Stanley Picker Gallery and our sister venue, Dorich House Museum are pleased and excited to be again collaborating with Kingston University’s Dance programme on a new body of performance inspired by the life and times of Dora Gordine.
Level 4 (first year) BA Dance students visited the museum as part of Dancing Histories – a module in which students consider the historical contexts that gave rise to and changed dance practices, the dancing body and dance performances – and rethinking these through practice, discussion and academic research and writing.
In the first of their workshops, dance students undertook a guided museum tour, in which they handled Gordine’s bronze sculptures of dancers and attempted to recreate some her most ‘imaginative’ forms. They also ‘sculpted’ each other and made observational drawings of the outcomes, and generated free writing to capture first impressions. The group met professional flamenco dancer, and museum guide, Christine Goodwin who offerer her personal interpretation of Gordines’ Esso commission ‘Power’ (1960), said to have been modelled for by fellow flamenco dancer (the notorious) Trader Faukner. Christine also shared fascinating research into Richard Hare’s telling of Arabian nights at parties, and while demonstrating actions relating traditional Indian movements and flamenco, explained how each has it’s own unique narrative, that inform both the character of the dancer and the response of any observer.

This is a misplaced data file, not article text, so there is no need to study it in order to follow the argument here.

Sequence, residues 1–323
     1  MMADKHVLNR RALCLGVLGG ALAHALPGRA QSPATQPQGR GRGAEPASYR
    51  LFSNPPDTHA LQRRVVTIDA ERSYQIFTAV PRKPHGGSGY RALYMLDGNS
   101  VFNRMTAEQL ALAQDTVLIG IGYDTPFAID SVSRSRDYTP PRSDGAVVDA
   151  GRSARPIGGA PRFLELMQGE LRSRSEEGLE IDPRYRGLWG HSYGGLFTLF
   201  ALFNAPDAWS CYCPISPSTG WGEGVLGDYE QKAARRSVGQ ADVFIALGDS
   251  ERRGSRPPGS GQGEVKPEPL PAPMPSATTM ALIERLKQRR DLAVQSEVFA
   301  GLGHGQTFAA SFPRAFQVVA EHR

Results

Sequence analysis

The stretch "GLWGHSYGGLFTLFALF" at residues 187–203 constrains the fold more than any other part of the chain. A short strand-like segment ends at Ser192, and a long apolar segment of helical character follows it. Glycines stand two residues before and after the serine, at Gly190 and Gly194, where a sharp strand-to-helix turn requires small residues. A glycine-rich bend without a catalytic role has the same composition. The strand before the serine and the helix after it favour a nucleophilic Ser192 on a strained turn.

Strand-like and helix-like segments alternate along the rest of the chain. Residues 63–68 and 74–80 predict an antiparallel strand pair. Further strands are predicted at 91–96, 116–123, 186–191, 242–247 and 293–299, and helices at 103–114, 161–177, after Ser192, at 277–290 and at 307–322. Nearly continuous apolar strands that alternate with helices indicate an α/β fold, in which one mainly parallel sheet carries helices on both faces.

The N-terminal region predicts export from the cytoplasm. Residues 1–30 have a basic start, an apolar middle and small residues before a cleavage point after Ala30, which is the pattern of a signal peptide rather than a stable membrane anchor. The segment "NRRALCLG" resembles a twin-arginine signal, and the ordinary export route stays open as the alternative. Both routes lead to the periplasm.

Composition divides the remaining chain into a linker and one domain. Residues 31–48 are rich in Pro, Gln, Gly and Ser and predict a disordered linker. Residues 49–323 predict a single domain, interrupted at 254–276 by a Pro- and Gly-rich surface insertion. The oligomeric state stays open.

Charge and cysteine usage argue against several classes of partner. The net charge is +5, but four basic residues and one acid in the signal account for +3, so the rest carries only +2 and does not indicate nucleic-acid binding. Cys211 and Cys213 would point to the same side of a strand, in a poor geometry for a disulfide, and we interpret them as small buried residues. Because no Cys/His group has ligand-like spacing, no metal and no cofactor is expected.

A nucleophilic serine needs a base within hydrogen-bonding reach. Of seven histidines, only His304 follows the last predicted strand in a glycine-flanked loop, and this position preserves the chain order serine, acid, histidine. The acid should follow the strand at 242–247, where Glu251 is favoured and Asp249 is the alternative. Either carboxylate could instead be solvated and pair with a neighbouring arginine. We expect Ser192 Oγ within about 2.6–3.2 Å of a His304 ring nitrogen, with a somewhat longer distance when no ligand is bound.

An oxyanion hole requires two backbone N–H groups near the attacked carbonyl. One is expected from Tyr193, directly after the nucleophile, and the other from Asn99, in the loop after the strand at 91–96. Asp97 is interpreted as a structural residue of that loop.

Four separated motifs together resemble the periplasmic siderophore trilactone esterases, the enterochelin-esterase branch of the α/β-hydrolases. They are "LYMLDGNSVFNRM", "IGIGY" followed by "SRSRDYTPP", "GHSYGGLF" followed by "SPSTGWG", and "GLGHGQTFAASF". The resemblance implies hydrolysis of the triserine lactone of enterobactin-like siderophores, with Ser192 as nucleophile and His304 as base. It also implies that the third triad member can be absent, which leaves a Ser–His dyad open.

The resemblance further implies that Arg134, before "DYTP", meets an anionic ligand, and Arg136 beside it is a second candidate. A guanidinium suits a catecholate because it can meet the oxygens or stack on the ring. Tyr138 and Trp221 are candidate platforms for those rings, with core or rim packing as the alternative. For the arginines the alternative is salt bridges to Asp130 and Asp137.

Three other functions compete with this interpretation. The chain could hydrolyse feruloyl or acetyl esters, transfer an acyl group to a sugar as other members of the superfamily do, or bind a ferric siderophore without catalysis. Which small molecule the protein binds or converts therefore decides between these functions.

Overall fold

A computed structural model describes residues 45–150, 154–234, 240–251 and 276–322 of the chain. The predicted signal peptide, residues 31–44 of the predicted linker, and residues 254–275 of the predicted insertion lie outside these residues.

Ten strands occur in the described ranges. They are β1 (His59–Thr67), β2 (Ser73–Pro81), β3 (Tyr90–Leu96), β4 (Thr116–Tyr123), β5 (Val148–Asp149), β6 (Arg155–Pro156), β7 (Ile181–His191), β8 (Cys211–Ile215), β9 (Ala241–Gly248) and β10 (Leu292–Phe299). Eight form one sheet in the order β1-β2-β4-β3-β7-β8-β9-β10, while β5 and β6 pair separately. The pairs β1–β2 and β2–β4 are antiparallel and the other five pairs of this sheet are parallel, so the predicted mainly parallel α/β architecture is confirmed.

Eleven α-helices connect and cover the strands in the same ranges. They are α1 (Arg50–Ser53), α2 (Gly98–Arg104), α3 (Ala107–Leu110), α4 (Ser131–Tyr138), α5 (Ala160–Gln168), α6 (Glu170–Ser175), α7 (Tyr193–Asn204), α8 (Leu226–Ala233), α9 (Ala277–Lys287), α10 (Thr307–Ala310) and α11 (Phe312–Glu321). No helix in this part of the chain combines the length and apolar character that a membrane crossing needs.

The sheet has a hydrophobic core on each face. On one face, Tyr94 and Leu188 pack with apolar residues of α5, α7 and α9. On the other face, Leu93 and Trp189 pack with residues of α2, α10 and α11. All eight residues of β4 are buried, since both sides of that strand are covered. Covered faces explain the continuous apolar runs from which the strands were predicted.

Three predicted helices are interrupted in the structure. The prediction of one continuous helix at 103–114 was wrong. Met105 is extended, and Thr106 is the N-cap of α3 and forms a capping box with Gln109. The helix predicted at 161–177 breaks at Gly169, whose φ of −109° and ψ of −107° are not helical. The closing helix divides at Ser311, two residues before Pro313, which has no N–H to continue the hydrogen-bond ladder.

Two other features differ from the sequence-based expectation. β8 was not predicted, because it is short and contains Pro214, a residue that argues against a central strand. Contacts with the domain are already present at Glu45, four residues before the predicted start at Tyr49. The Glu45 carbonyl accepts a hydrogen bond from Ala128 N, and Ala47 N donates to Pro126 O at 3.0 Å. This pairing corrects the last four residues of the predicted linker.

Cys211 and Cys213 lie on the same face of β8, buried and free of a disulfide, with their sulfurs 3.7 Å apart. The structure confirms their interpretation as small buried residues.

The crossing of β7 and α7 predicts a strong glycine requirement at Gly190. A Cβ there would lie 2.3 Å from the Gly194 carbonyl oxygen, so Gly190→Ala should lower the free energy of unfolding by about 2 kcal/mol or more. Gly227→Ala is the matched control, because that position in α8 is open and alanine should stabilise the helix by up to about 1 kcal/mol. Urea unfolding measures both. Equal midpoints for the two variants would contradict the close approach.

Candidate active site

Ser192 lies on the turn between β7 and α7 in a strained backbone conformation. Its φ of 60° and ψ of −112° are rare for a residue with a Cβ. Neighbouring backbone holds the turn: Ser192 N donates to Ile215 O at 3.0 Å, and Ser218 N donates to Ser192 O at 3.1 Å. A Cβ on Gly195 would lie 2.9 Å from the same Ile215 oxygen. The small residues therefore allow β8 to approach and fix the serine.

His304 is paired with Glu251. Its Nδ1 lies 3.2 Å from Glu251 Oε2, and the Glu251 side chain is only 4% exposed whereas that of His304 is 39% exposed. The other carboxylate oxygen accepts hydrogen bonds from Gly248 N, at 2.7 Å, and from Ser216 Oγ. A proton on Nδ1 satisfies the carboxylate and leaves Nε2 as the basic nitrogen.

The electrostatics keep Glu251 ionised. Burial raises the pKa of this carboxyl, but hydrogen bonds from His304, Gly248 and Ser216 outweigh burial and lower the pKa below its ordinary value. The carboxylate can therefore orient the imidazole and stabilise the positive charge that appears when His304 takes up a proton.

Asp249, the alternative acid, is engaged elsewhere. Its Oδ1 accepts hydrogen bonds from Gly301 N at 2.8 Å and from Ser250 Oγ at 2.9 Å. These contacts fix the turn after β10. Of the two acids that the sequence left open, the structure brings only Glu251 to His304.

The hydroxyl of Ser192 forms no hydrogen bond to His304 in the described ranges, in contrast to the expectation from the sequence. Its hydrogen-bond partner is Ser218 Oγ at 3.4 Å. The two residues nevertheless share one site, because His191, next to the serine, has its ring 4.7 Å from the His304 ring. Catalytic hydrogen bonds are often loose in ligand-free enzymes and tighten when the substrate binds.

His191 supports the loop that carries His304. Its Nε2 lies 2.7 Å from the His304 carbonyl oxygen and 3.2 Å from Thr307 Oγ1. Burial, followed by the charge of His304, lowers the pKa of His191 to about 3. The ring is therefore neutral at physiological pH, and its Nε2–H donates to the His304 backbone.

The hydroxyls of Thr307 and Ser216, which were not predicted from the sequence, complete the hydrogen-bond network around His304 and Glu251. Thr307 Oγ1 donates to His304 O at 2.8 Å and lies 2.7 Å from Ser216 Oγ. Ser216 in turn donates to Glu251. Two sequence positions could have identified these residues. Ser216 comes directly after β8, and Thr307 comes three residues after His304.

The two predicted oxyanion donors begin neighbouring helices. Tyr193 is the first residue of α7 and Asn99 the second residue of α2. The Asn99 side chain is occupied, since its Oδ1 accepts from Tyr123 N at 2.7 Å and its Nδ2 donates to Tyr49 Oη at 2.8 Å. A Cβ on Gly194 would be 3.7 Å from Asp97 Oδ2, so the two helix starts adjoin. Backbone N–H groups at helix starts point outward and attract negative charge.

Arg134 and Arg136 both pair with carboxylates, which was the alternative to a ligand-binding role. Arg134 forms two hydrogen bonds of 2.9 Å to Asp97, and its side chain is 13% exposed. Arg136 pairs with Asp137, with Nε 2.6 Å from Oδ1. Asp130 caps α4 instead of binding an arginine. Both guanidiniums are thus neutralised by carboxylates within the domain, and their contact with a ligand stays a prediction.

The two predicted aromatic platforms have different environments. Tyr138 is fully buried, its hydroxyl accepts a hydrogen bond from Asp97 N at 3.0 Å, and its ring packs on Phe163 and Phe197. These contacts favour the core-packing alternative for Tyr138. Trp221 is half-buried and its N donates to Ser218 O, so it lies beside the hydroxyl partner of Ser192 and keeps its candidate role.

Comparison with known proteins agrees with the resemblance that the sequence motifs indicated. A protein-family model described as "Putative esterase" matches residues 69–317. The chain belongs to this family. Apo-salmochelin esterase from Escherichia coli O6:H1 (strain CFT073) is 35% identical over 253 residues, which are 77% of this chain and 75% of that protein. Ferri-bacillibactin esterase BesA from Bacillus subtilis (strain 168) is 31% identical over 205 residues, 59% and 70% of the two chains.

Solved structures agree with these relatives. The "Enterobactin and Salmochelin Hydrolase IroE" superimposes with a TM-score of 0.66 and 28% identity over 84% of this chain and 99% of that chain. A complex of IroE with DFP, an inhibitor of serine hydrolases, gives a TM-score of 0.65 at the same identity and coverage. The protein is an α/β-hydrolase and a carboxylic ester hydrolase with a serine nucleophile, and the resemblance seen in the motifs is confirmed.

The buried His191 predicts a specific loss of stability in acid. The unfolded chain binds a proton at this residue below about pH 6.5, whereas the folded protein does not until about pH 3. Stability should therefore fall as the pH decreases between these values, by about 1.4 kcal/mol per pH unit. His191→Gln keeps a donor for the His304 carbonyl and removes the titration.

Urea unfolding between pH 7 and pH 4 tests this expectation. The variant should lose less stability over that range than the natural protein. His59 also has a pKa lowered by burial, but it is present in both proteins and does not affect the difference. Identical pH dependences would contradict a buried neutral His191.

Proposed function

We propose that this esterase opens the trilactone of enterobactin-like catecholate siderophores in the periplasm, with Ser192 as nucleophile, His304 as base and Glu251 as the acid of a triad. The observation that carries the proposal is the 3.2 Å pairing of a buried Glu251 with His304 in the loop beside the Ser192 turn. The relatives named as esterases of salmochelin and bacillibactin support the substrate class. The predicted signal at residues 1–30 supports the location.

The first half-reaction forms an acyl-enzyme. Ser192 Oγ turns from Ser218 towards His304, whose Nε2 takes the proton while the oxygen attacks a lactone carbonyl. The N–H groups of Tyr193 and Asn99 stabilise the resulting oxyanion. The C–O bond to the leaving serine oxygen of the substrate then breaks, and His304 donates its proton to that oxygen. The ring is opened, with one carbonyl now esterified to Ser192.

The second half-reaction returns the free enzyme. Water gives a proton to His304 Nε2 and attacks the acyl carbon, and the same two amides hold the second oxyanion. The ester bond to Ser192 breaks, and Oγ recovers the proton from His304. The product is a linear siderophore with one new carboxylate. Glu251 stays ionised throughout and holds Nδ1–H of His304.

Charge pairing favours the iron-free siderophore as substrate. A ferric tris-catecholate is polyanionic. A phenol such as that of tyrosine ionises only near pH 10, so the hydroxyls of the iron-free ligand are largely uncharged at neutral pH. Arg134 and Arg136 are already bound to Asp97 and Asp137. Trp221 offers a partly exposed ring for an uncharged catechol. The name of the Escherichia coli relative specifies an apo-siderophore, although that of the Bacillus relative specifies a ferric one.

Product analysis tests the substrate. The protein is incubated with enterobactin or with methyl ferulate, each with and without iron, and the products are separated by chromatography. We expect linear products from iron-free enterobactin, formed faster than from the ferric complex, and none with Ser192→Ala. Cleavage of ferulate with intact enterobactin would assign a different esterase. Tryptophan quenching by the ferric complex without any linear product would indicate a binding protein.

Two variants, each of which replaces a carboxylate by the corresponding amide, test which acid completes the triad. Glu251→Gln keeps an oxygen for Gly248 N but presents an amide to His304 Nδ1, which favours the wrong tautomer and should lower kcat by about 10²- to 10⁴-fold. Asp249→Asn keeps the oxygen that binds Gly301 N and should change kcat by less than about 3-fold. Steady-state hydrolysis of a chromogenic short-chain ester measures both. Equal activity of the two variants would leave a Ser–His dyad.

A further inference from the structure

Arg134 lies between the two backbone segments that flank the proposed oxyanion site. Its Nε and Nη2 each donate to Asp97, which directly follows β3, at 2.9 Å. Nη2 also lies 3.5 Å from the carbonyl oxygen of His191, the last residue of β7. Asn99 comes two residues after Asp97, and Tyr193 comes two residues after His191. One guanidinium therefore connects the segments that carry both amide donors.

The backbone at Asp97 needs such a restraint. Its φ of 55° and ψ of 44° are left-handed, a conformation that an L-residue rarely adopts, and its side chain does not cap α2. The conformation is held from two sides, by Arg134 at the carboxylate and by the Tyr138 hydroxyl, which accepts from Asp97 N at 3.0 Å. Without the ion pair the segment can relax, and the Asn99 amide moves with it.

Dancers, under the tutelage of course lecturer Beatrice Jarvis, were then challenged to team up in small groups to create 2-3 minute site-specific sequences inspired by their experiences and new-found knowledge of the story of the house, and life and practices of Gordine and Hare. Like history, key movements and moments became intertwined.
Dancers, workshopped their ideas, and shared their pieces in a private performance for their peers, before gathering visiting members of the public for a (welcome surprise) alternative and visually interactive journey around the house – “it was wonderful”.
While the extended tour was documented by staff and students, and will shortly be made available online, it is our hope to re-stage a public tour during the summer term.
More information to follow.